August 15, 2014
In the men’s 800 at the 2014 European Championships in Zurich today, Poland’s World Indoor silver medallist Adam Kszczot made a big move with 150 to go that nobody could answer as he pulled away for a dominant win in 1:44.15. France’s national record holder Pierre-Ambroise Bosse, who ran a world #2 1:42.53 in Monaco last month, led most of the race but tied up badly and stunningly finished last.
France’s Pierre-Ambroise Bosse led the field through 200 in 24.11 and as he hit the bell in front in 50.97, the field had begun to string out behind him. Poland’s Marcin Lewandowski (2010 European champ, 4th at Worlds in 2013 and 2011) was in second with Slovakia’s Jozef Repcik and Kszczot in third and fourth. Bosse continued to press on the second lap and opened up a gap of a few meters over Lewandowski on the back stretch (Kszczot had moved up to fourth by this point).
Bosse hit 600 in 1:17.24 in the lead. Kszczot suddenly accelerated by Lewandowski and with 130 to go had blown by Bosse into the lead. Denmark’s Andreas Bube was also moving up and with 100 to go, he and Lewandowski were level with Bosse.
There was no stopping Kszczot, however, whose lead grew with every step on the home stretch as he pulled away for the win. With 50 to go, Bosse began to fade as the field started to pass him on the outside. Ireland’s Mark English was battling Bube for second, but another Pole, Artur Kuciapski, was storming by everyone and caught English just before the line to take silver.
The race video, results and our quick analysis appear below.
1 KSZCZOT Adam POL 2 SEP 1989 4 1:44.15 SB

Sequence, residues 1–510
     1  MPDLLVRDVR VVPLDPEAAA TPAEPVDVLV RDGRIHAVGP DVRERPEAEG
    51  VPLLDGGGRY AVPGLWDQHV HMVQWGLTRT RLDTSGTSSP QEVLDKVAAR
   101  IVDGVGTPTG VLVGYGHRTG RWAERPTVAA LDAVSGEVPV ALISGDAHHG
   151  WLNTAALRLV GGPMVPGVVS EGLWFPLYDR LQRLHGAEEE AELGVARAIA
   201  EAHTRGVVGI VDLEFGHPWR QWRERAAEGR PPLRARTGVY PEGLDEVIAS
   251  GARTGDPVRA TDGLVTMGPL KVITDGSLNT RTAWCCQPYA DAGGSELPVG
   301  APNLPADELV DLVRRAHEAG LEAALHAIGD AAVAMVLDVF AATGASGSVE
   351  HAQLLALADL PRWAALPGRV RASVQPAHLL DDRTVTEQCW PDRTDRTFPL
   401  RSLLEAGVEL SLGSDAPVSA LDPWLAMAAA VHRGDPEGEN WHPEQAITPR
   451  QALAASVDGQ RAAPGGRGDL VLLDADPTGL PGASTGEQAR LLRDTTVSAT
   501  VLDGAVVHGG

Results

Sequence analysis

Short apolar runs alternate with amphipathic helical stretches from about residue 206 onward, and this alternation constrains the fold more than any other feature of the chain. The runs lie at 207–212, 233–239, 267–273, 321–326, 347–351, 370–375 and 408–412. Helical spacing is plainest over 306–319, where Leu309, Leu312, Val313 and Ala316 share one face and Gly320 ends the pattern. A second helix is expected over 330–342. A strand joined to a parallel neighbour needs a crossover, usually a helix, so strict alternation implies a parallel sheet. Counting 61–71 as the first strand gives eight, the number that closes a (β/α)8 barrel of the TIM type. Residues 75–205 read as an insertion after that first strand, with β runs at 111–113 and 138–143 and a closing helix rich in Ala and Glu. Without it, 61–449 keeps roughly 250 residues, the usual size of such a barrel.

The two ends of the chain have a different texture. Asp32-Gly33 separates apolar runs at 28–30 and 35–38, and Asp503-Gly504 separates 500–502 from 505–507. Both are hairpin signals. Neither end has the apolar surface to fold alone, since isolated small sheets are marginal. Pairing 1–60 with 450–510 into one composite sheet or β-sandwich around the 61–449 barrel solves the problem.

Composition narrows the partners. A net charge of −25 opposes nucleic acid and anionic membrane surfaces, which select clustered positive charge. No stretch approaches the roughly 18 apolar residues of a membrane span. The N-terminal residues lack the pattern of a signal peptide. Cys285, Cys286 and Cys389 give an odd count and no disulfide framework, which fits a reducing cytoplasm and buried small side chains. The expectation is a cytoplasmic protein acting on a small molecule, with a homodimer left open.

2 KUCIAPSKI Artur POL 26 DEC 1993 8 1:44.89 PB
3 ENGLISH Mark IRL 18 MAR 1993 5 1:45.03 =SB
4 BUBE Andreas DEN 13 JUL 1987 7 1:45.21 SB
5 LEWANDOWSKI Marcin POL 13 JUN 1987 3 1:45.78
6 TUKA Amel BIH 9 JAN 1991 2 1:46.12 NR
7 REPCÍK Jozef SVK 3 AUG 1986 1 1:46.29 SB
8 BOSSE Pierre-Ambroise FRA 11 MAY 1992 6 1:46.55
Quick Take #1: This is what makes the 800 great.
The 800 is always one of the most exciting races on the track and this was a great example why. It’s possible to win from the front or the back, and the last 100 often features significant changes in position because some runners are really struggling to hold on while others are launching into their kicks. Kuciapski went from 7th to 2nd in the last 150 while Bosse went from 1st to last. Add in a dominant performance up front from Kszczot and this was a great race to watch.
Quick Take #2: Who is Artur Kuciapski?
If you had said before the race Poland was going to go 1-2, it would have been a surprise given how well Bosse has been running but not a total shocker since Kszczot and Lewandowski have been among the best in the world in the event over the past few years. However the second Pole across the line was not Lewandowski, but 20-year-old Artur Kuciapski.
A European silver was the culmination of a breakout year for Kuciapski, and he will be another one to watch in the best men’s event on the track right now. Before 2014, Kuciapski had never broken 1:48, but he’s done that in 10 of his 12 races this year (one of the ones he didn’t was a prelim at the Polish championships). He was so far off the radar that he wasn’t even named to Poland’s silver-medal-winning 4×800 team at the World Relays in May. Friday’s performance dropped his PR from 1:46.04 to 1:44.89; we bet he’ll be on the World Relays squad in 2015.
Quick Take #3: Bosse looked very bad over the final 100 meters.